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Success Project

I interviewed Mr. Biester, my High School band director, about success in life and these are the answers he gave!! (Last slide is all the questions and answers for all of the slides)
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Kendra Glicco

on 24 March 2015

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Transcript of Success Project

Kendra Glicco
4th hr.
Freshman Seminar
10/16/15

1. What did success mean to you in high school?
2. What kind of jobs did you consider to be successful jobs in high school? Now?
3. What job did you want to go to college for? Was it considered a successful job?
4.Did money ever you keep you from going to the collage you wanted?
5. Do/Did you look up to anyone that you considered successful? Who and why?
Mr. John Biester
6. Do you currently consider yourself successful? Why?
7. What things did you do to get you this far? How are you pushing yourself forward now?
8. What do you do when you find it difficult to reach your goals/push forward to being more successful than you already are?
9. How did you start out? When did you consider yourself successful? Why?
10. What does success mean to you?
What does success mean to me?
(senior in high school)
(high school directors)

(College teacher)
*representations, not the actual people
"Pause to reflect. Pause to enjoy. But don't pause too long."

1. What did success mean to you in high school?

In high school success for me was being involved in school plays, athletics and most importantly, Band. I spent a great deal of time practicing so I could be better. I had a Band Director who had high expectations for achievement and I constantly worked hard to be the first chair tuba player.

2. What kind of jobs did you consider to be successful jobs in high school? Now?

For me anything making money was successful. The time I spent in Band at football and basketball games did not make it easy to have a job. I finally got a job near the end of my senior year.

3. What job did you want to go to college for? Was it considered a successful job?

I wanted to be a Band Director. I was not concerned with the label of success. It was what I wanted to do. Both of my parents were educators as was my grandfather. I wanted to teach. And I wanted to be in the Wisconsin Marching Band.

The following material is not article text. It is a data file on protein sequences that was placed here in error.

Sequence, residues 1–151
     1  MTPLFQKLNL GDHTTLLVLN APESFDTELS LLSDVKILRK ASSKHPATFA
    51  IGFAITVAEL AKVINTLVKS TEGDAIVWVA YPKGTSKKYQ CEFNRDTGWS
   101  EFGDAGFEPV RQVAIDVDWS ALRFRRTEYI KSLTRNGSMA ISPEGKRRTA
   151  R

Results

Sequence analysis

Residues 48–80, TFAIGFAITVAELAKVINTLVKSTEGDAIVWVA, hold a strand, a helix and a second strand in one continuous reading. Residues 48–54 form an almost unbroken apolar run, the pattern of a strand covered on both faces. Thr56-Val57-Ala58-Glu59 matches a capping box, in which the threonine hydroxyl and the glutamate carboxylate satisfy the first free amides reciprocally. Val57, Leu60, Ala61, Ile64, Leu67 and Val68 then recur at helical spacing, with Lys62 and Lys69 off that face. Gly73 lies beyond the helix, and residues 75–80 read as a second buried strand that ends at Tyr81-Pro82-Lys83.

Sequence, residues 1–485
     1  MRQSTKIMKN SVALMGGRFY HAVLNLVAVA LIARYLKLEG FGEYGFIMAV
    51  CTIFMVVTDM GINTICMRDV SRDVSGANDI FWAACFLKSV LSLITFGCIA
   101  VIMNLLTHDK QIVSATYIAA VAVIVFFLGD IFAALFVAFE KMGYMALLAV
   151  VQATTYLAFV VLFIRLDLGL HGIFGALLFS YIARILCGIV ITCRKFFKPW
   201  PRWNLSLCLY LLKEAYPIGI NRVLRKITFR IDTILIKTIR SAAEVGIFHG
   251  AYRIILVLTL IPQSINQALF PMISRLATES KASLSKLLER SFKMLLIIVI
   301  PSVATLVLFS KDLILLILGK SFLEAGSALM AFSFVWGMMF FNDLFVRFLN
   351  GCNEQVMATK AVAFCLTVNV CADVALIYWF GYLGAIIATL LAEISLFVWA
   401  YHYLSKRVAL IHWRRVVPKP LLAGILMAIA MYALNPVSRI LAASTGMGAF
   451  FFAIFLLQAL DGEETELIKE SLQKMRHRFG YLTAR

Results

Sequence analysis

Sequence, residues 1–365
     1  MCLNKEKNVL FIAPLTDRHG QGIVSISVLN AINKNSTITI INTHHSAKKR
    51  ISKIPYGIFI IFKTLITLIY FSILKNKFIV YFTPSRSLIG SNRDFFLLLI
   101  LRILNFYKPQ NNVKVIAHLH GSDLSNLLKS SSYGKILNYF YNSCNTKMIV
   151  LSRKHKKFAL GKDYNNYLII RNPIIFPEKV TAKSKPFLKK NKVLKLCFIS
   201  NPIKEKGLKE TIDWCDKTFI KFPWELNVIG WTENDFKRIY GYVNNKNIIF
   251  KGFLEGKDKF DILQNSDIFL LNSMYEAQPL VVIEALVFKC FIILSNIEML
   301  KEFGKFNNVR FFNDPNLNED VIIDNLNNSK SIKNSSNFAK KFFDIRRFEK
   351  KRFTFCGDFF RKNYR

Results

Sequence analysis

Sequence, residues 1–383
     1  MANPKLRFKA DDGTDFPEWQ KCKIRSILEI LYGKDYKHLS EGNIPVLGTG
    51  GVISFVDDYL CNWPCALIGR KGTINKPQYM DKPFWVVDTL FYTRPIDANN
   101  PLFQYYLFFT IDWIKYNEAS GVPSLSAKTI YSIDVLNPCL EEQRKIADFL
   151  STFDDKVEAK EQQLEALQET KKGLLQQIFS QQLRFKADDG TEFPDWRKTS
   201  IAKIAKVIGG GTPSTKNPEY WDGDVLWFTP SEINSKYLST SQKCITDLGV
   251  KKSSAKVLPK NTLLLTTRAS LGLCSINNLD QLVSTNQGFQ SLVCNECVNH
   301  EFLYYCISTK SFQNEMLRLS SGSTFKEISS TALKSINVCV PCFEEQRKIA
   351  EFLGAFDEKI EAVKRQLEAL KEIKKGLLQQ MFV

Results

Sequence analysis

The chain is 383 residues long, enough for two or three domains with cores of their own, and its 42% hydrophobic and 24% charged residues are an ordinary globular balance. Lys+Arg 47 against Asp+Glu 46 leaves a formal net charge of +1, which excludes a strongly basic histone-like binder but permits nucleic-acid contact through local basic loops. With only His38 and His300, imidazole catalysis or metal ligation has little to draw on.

4. Did money ever keep you from going to the college you wanted?

No, money was not an issue. I was fortunate to earn several scholarships for playing my tuba. One of which covered my full tuition for four years. And my grandfather had invested money to help with my education as well.

5. Do/Did you look up to anyone that you considered successful? Who and why?

Again back to my high school band directors…both men were highly knowledgeable and maintained consistently high expectations. Then my college teacher’s influence was big as well. Again…high expectations and few compromises.

6. Do you currently consider yourself successful? Why?

What is success? I have been a teacher for 20 years. This year I finally have reached 150 students in the band program. That was always a milestone for me. I have almost never tried to think of myself as successful. I attain successful performances and experiences, but I feel that I can’t stop to think of myself a success. There is always something else to accomplish. I can be satisfied but not necessarily content.

7. What things did you do to get you this far? How are you pushing yourself forward now?

Practice, practice, practice…and not letting myself get too lazy or too pleased with any of my accomplishments. If we stop to pat ourselves on the back for too long, everyone else has moved right on by. Pause to reflect. Pause to enjoy. But don’t pause too long. I keep pushing myself through my students. I try to keep the expectations consistent and high. I do not want to settle or say “that’s good enough”, because it rarely is.

8. What do you do when you find it difficult to reach your goals/push forward to being more successful than you already are?

When things are difficult, I talk to my friends, my fellow band teachers. We all seem to have those times and we help each other out by listening and offering ideas and just making each other laugh. Laughter is huge medicine for continues success. I will spend some time being unhappy or feeling down but I can’t stay that way for long. I keep trying to find the little successes and build upon those. Don’t let the few things that don’t work interfere with the many things that go right.

9. How did you start out? When did you consider yourself successful? Why?

I started as a long term sub in middle school band. When I got my first full time teaching position I thought I was a success. That is when I found that being a success is a never ending process. Once you think you’ve gotten “there”, there is always more to do. Now I have been teaching for 20 years and playing music for 48 years. The joy never ends when you work at it.

10. What does success mean to you?

I do not know how to answer that. Success is something measured by others, not by me. I think I will be a success if I am remembered as a good teacher and a good person, as a good father. I will be a success if what I have done has influenced some to do what I have done and not compromise expectations. Getting a raise might be nice , too…
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